Slovenia's Primoz Roglic waits outside the doping control facility after the ninth stage of the Tour de France
Slovenia's Primoz Roglic waits outside the doping control facility after the ninth stage of the Tour de France
AFP

La Rochelle (France)

It's a rest day like no other for the Tour de France bunch. After nine nervous and exhausting stages that took the peloton from the Riviera to the Pyrenees via a short journey in the Alps, riders would normally take some time off on Monday with their friends and families.

But this year is different.

In addition to their recovery routine, the 166 remaining riders will stay in their own bubble, with a Damocles sword hanging over their head as they will undergo coronavirus tests that will decide whether they can keep on racing.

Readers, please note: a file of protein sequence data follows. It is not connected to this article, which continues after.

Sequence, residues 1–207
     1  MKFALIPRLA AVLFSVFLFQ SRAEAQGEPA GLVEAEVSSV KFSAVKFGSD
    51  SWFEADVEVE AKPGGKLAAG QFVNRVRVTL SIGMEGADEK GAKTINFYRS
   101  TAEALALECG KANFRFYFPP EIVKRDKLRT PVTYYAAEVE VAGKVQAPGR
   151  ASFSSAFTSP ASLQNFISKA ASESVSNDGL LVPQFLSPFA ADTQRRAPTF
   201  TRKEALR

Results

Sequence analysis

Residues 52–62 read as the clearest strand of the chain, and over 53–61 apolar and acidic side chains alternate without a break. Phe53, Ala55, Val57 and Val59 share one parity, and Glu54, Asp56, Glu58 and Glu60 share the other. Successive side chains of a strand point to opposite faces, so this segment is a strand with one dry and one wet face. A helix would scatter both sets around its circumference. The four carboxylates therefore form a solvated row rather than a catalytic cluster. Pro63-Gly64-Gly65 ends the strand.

Under threat of cancellation at some point, more than 30,000 people in France have died after contracting the coronavirus, making the country one of the hardest-hit in Europe, the Tour has been salvaged by pushing it back from its traditional July date to end of the summer.

The price paid for the race to be run is a heavy sanitary protocol which includes mandatory COVID-19 testing for riders and teams staff members on rest days.

All were tested before the Tour started in Nice and have since lived in the race quarantine, making sure they stayed away from fans and sponsors usually omnipresent during the three weeks of the popular event.

After four staff members of the Belgian team Lotto-Soudal were sent home following abnormal coronavirus tests on the eve of the Tour, the race has been run without any further COVID-19-related incidents.

But keeping the social distancing with the roadside crowds in place has not been an easy task. During Saturday's first stage in the Pyrenees mountains, many spectators without masks did not respect the two-meter distance required by organisers as they cheered their favourite riders.

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